muses of the moment

April 9, 2012

Paul Volcker

Filed under: Bank bailout, Dollar Crisis, Economic Crisis — totallygroovygirlfriday @ 7:57 am

Jesse beat me to it, putting up the wonderful and candid interview with Paul Volcker on Moyers and Company from Sunday. Click here. Worth the time.


Limits to Growth

Filed under: Buckminster "Bucky" Fuller, Economic Crisis, Odds 'n ends, Peak Energy, US Government Debt — totallygroovygirlfriday @ 3:54 am

A lot of renewed discussion going around the internet on the 1972 findings in Limits to Growth report. Click here.

Groovygirl does not necessarily agree that we have a limit to growth. She thinks we have a limit to unsustainable growth. And, she also agrees with Bucky Fuller that careless use of finite resources (whatever those many be) is irresponsible and a danger to future generations. At some point in the future cheap oil will either become unavailable or too expensive to get/process that it will not be useful in setting up the infrastructure for the next energy option(s).

For instance, if we intend to make natural gas the fuel for US transportation industry, we will need time (at least 5-10 years), money, and energy resources to set up that nation-wide system and ramp up drilling, transport, and processing of the raw material. The time to start is not when oil is $200 a barrel and moving up fast.

As sustainable growth applies to the monetary system, the fiat currency system coupled with the sovereign debt bond system is not sustainable. Having limited growth in monetary policy helps continue growth through contraction cycles (when debt must contract to the real output of the underlying asset) instead of a complete stop and/or breakdown of the global monetary system, which we are facing now). Fiat currency and debt systems help extend growth, but they do not eliminate the contraction cycle, and mis-handled, they can make it much worse.

Another example, water. Why are we trying to create an oasis out of¬† every inch of desert? Water would be the perfect, simplest, and least expensive way to maintain growth in a particular finite resource. Take the US, states are fighting over low water resources for crops vs. residential homes’ landscaping. We are draining the Ogallala Aquifer, also known as the High Plains Aquifer, for crop irrigation and other uses such as residential lawns, sewage systems, industrial uses, and gas drilling. Let’s just try to conserve what we have been put in charge of, to last as long as possible, so we don’t have to spend money on other expensive options later. Isn’t this just common sense? gg thinks so.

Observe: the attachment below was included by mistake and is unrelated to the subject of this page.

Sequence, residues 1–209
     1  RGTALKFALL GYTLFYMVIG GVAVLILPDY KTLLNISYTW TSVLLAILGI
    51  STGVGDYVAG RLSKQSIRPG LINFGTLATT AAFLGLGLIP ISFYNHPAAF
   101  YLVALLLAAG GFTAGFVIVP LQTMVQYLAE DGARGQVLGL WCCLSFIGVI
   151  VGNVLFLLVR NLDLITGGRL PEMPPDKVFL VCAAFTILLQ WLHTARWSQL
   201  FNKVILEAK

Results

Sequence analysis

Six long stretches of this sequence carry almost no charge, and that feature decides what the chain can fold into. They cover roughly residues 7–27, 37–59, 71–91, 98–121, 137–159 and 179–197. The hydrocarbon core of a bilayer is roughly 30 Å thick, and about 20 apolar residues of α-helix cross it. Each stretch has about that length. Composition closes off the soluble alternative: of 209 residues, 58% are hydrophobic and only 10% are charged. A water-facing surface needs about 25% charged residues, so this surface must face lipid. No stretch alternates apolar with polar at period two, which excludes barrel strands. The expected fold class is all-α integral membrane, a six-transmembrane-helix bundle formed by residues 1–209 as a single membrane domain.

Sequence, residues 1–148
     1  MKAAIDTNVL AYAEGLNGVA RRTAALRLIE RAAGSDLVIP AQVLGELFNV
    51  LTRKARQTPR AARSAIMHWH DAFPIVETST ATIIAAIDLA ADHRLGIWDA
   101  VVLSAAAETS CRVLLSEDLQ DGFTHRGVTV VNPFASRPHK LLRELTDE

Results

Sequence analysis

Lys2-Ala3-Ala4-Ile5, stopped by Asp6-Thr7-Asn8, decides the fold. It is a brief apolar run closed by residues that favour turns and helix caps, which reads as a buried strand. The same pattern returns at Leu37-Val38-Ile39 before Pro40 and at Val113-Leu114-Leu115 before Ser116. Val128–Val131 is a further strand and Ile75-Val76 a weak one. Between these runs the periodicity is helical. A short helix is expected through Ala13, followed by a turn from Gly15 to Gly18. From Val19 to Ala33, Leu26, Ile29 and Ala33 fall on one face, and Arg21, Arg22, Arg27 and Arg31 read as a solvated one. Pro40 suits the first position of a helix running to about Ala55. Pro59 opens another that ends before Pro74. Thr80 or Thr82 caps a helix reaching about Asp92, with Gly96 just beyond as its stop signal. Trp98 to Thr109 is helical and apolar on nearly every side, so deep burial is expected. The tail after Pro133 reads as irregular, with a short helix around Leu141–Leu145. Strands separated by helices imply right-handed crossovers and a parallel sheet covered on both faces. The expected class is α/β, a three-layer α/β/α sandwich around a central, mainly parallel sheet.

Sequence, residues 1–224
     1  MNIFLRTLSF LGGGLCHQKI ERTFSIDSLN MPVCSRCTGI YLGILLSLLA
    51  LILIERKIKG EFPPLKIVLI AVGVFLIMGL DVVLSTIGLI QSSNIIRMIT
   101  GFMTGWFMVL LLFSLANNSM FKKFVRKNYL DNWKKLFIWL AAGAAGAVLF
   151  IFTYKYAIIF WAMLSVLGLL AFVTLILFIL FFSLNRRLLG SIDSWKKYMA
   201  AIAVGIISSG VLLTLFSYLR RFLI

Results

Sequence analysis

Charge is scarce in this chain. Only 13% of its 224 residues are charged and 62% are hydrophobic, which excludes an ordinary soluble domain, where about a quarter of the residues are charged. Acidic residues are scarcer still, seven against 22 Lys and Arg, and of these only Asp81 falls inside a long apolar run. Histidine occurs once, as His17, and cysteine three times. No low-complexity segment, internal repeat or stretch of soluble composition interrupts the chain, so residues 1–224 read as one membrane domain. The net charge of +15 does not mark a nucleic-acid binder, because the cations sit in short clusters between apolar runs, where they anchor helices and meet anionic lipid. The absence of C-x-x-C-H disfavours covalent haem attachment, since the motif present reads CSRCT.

Let’s look at residential water uses, not industrial or farming (which gg has many simple solutions for as well).

If all new housing had a rain collection system (excluding those states where it is illegal) and/or a grey-water system (and used that system just for landscape irrigation), we could conserve 720,000,000 gallons per year. That’s a savings of $ 1,200,000 per year (gg is using average costs here, your area may be different).

And that is just for new residential properties (no expensive retro-fitting). Over a ten-year period that is a 7 billion gallon return on investment, and we keep the green lawns. Imagine if new office buildings and industrial buildings included just rain barrels or roof-catchment systems? Or just grey-water systems? Imagine the savings in sewage plant processing costs with less run-off water?

And what if the government handed out money for rain barrels, irrigation pipes, pumps, and sprinklers heads, but we did the labor for new residences? Just residential. It would be about $1,500,000,000, which is around the same amount that the US government borrows every half day or 12.5 hours (gg is using 2010 numbers…probably just a few hours now). Are we using that money we borrowed this morning to the best possible use? Because at some point we will not be able to borrow any money for anything.

And that is what groovygirl is asking of every national resource from oil to water to time to money: are we using the resources we have available right now in the best possible way to sustain our current life-style (or current growth) when that resource is unavailable, rationed, more expensive, or requires more debt to obtain?

If you are not asking yourself this question on the individual level, you are in denial. If our leaders are not asking this question on the national level, they are in denial.

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